Mental Health

Urine tests could predict reaction to meds

Researchers in London say they may be able to predict a patient’s response to medication, simply by checking his or her urine. If it works, the technique would be a great boon for personalized medicine — not just helping to prevent adverse reactions, but also ensuring that patients get the most effective drug for their bodies, with …

Researchers find a new Alzheimer’s gene

Scientists from University of California, Irvine, have found a new genetic risk factor for Alzheimer’s disease. In a study of 381 people, those with Alzheimer’s were nearly twice as likely as people without the disease to have a certain form of a gene,TOMM40 (which stands for “translocase of outer mitochondrial membrane 40”). Although …

Simple ingredients

You may have heard the advice that says, if you’re going to buy a snack food, buy the one with the fewest ingredients. It won’t cut out the calories, but at least you’ll lose most of the additives, preservatives and unsatisfying artificial flavors. And on the whole less-processed foods (those with fewer ingredients) also contain more …

The science of itching

Scientists have found a way to manipulate the neurons in mice that respond to itch — and, in the process, have settled a longstanding debate: Is itchiness just a form of pain, or a separate, unique sensation?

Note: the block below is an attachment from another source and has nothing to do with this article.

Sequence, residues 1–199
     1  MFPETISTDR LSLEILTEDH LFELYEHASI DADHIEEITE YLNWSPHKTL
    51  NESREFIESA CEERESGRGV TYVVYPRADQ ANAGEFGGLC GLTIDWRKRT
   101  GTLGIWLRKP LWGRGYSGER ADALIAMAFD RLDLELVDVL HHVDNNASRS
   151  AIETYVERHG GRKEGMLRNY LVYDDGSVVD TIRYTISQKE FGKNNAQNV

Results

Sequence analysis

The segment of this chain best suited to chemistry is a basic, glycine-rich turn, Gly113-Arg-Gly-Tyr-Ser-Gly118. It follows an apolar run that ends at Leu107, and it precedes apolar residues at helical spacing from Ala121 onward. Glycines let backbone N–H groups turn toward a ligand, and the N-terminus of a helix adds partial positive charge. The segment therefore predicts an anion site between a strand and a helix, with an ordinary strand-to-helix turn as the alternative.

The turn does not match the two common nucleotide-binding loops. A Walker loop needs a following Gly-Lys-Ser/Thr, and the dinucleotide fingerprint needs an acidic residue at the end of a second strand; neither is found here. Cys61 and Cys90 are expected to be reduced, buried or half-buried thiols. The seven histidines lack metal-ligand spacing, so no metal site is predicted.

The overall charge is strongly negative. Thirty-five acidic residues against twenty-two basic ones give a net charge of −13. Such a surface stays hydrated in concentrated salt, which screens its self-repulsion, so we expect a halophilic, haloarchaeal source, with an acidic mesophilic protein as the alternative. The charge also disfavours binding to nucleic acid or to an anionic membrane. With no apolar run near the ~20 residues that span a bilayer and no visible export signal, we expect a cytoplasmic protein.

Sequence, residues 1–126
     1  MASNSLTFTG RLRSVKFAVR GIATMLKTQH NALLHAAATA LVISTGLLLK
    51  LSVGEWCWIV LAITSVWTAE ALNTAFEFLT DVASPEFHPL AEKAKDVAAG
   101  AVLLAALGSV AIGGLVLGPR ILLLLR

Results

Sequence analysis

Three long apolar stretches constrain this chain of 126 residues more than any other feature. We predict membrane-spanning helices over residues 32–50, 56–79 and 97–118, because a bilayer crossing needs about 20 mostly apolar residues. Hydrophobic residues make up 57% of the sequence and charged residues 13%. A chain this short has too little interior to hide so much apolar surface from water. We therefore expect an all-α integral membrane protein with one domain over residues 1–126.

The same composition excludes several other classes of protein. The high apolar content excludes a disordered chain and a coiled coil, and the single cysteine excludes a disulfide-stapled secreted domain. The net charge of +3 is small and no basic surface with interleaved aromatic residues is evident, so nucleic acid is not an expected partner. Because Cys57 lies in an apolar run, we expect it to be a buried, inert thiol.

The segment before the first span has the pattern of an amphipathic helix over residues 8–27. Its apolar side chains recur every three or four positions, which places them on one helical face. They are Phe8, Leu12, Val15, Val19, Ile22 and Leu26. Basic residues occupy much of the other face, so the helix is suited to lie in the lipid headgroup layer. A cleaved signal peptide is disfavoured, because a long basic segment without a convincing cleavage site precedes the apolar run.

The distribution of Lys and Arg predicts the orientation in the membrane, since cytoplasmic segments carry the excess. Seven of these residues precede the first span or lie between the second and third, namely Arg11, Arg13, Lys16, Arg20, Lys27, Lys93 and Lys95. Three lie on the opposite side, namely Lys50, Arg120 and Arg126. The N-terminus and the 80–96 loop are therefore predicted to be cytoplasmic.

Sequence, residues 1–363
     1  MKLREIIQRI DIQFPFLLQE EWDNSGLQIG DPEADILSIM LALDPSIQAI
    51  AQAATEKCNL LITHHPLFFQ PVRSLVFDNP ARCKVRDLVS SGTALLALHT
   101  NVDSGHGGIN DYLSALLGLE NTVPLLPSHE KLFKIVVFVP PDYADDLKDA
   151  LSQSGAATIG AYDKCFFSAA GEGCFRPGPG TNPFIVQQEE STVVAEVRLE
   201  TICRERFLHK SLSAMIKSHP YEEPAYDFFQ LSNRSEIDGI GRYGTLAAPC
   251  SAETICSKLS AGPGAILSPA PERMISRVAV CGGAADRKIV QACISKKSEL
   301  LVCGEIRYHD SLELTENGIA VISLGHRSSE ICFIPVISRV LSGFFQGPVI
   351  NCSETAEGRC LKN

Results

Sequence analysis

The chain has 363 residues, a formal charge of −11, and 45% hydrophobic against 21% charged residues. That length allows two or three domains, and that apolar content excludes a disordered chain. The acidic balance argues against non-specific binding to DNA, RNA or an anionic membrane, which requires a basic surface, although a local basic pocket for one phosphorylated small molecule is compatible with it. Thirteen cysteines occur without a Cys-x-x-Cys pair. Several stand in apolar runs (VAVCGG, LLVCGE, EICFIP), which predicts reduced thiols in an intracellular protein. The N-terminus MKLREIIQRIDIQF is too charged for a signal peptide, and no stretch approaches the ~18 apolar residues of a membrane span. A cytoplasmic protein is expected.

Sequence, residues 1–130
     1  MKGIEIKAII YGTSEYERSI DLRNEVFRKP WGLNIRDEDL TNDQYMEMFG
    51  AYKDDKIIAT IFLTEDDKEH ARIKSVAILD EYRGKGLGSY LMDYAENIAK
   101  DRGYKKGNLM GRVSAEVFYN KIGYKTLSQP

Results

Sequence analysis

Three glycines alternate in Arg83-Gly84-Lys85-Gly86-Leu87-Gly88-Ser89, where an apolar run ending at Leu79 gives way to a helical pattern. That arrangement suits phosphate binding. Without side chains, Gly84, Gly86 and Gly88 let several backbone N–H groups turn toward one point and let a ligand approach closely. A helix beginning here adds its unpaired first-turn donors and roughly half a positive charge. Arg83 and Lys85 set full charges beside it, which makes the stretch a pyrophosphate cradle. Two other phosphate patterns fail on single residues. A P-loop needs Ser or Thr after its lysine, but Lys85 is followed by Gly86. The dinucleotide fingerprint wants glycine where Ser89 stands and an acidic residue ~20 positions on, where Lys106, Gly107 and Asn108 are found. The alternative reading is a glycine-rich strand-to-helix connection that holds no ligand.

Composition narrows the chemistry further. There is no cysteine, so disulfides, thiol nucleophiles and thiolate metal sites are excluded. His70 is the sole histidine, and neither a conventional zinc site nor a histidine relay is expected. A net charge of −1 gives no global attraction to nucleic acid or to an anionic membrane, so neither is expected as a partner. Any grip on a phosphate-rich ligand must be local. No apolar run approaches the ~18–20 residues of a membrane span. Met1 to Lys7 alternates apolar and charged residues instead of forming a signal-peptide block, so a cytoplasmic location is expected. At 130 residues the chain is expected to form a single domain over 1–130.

It turns out the brain treats itch and pain completely differently, even though they can both be excruciating.

The sunburn forecast

Wondering which days are safest to be out in the sun? If you live in the U.S., you can check out the SunWise ultraviolet forecast, based on predictions from the National Weather Center. Looks like this weekend will be a scorcher!

Plug in a zip code or a city and a state, and the UV forecast will tell you how intense the sun’s rays …

The Roots of Individuality

Why do different people’s minds work so differently? Human brain cells don’t follow a set DNA script. Instead, they contain a surprising number of mobile elements — or “jumping genes” — that let them reorganize their genetic code.

One More Reason to Cut Cholesterol …

Researchers from Kaiser Permanente find that elevated cholesterol levels — even levels just a little bit elevated, in fact — are predictive of dementia in old age.

A four-decade study of 9,844 men and women in northern California found a strong association between cholesterol when people were in their 40s and Alzheimer’s disease …

Can Cheap Sunglasses Be Bad for Your Eyes?

As people eagerly head out into the sun to soak up the last weeks of summer, inevitably some will end up picking up a cheap pair of sunglasses — because you left your good ones at home, or in the back of an airplane seat or in a cab, or just because those ones the street vendor is hawking are so cute. Yet, according to …

Antidepressant Use Soars

In 2005, 10% of Americans aged six or older — some 27 million people — received at least one prescription for antidepressants. That’s up from just under 6% in 1996.

What Causes Stress?

Here’s a chance to help scientists uncover the roots of stress. The Big Stress Experiment aims to be the largest-ever scientific investigation on the topic — and it’s recruiting help from the public. You take an online quiz about your feelings and your life experience. Then academic researchers take your data (anonymously) to determine …

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